The Gospel According to Breaking Bad


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The Gospel According to Breaking Bad
The Gospel According to Breaking Bad takes a thoroughly Christian look at AMC’s popular and critical TV hit.

Covering such weighty theological issues like identity, death, justice, power, fate, free will, and the gospel itself, readers will be coerced into thinking more deeply about the universal questions Breaking Bad asks. In sections covering the colors and metaphors of Breaking Bad, fans will also come to a further appreciation for one of the most well-done TV series in recent history.

10% of the proceeds of this ebook will be donated to the Oak Ridge Disciple House, “a non-profit, faith-based, Christian character-building ministry geared towards reaching men who are broken from drug and alcohol addictions.”

Breaking Down Breaking Bad: Unpeeling the Layers of Television’s Greatest Drama
Few television shows have won critical acclaim on the level of Breaking Bad, perhaps because few series are as worth deep examination as Breaking Bad. Something about Walter White’s struggle with his inner demons resonated with us. The idea that his foray into meth production was not merely a dalliance with darkness, but was actually a full-blown awakening intrigued us. And most of all, the idea that we came to have no respect for the protagonist of our favorite show utterly fascinated us. We couldn’t look away. Breaking Down Breaking Bad attempts to poke into the dark corners of Walter White’s mind, explore the traits that make this show special, and revels in the joy of what is arguably the best drama ever to appear on television. In doing so, it peels back the layers of what makes characters like Jesse Pinkman tick, explores why we were so drawn to characters like Gus Fring and Mike Ehrmantraut, and relives some of the greatest moments of this already legendary series. Because the show may be gone, but the conversation about it certainly isn’t.

Breaking Bad and Philosophy: Badder Living through Chemistry
Breaking Bad, hailed by Stephen King, Chuck Klosterman, and many others as the best of all TV dramas, tells the story of a man whose life changes because of the medical death sentence of an advanced cancer diagnosis. The show depicts his metamorphosis from inoffensive chemistry teacher to feared drug lord and remorseless killer. Driven at first by the desire to save his family from destitution, he risks losing his family altogether because of his new life of crime.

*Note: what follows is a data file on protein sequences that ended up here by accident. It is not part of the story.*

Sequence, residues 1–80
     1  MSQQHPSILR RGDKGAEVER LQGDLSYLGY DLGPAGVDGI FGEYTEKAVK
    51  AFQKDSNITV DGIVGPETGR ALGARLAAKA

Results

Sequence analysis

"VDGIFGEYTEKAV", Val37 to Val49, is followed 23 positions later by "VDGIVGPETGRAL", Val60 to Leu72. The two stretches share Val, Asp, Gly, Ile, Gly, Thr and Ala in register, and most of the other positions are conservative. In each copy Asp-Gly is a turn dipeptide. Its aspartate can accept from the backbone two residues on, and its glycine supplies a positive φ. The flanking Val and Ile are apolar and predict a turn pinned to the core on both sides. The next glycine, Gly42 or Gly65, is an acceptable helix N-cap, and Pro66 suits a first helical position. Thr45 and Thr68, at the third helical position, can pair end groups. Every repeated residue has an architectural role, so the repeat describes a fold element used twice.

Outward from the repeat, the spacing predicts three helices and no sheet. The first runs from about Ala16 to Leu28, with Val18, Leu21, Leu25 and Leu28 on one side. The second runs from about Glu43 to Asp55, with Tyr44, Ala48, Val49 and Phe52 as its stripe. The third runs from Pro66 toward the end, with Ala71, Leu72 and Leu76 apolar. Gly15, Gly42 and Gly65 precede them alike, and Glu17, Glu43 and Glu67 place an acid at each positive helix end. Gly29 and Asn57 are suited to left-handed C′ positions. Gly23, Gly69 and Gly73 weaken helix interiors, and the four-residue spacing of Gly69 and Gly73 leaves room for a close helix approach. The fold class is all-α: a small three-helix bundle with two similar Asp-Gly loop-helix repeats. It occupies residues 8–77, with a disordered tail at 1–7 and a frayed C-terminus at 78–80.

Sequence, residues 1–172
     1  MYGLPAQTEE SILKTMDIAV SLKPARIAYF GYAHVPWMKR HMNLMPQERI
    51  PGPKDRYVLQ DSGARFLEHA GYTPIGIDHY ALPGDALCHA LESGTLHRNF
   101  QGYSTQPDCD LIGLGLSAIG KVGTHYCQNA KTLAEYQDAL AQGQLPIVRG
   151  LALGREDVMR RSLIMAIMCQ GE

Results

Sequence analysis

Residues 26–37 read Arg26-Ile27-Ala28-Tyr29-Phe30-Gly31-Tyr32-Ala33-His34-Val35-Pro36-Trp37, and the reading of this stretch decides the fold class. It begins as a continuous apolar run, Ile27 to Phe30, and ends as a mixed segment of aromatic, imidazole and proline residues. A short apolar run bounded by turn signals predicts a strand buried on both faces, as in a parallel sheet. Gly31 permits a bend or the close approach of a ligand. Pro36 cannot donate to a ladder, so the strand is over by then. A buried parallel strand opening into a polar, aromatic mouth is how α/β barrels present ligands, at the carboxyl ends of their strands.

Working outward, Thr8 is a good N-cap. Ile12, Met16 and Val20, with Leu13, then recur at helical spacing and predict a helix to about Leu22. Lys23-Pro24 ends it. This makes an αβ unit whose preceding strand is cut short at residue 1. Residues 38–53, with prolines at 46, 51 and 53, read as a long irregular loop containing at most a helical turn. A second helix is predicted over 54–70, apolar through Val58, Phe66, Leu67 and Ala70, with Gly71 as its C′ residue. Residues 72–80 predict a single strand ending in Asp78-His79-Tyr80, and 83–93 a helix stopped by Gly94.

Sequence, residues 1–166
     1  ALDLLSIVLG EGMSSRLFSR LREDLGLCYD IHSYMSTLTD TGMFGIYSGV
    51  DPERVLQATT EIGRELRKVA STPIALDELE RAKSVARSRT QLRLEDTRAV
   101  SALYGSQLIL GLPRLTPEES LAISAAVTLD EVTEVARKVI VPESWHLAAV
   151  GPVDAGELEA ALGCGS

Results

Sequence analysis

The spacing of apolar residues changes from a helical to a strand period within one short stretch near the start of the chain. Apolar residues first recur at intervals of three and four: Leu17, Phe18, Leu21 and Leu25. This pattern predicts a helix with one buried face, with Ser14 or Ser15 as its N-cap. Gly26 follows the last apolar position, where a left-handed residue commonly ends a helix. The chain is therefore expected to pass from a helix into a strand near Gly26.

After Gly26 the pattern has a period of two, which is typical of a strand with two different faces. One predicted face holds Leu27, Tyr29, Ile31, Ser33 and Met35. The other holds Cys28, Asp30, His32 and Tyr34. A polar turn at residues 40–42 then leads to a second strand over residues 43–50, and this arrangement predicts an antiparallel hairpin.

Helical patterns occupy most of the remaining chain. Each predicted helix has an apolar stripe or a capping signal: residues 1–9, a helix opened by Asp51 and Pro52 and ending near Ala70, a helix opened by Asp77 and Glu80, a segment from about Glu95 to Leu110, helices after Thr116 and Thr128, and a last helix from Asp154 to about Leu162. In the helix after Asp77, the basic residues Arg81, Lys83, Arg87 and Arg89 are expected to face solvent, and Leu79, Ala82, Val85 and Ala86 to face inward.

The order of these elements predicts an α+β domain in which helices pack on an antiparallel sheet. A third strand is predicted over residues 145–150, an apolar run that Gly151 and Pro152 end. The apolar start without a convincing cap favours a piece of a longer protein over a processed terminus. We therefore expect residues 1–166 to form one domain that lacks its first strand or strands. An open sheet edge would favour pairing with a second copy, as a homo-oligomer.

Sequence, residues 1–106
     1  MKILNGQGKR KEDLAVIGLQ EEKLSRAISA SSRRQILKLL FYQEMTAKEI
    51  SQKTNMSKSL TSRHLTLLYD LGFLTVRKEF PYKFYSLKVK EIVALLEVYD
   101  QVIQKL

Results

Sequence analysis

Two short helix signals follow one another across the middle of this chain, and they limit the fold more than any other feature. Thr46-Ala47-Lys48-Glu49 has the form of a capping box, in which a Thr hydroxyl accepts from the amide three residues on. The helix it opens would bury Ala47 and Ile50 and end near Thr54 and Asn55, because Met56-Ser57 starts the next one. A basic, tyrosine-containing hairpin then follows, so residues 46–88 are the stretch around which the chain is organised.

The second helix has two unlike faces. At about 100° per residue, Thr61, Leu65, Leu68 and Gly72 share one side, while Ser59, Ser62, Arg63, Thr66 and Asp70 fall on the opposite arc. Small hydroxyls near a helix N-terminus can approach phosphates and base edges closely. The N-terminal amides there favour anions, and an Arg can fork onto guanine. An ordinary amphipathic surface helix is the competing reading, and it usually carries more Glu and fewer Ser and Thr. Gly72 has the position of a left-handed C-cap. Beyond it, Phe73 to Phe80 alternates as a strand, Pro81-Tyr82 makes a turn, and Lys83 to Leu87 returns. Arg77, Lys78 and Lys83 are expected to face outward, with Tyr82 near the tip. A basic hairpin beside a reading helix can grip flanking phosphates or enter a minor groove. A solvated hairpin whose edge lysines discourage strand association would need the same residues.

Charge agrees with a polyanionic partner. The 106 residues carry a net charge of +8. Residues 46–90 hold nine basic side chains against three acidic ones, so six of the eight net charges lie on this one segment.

In defiance of the tradition that viewers demand a TV character who never changes, Breaking Bad is all about the process of change, with each scene carrying forward the morphing of Walter White into the terrible Heisenberg.

Can a person be transformed as the result of a few key life choices? Does everyone have the potential to be a ruthless criminal? How will we respond to the knowledge that we will be dead in six months? Is human life subject to laws as remorseless as chemical equations? When does injustice validate brutal retaliation? Why are drug addicts unsuitable for operating the illegal drug business? How can TV viewers remain loyal to a series where the hero becomes the villain? Does Heisenberg’s Principle of Uncertainty rule our destinies?

In Breaking Bad and Philosophy, a hand-picked squad of professional thinkers investigate the crimes of Walter White, showing how this story relates to the major themes of philosophy and the major life decisions facing all of us.




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Exploring religion in film, the spirituality of television shows, and meaning found within popular culture.


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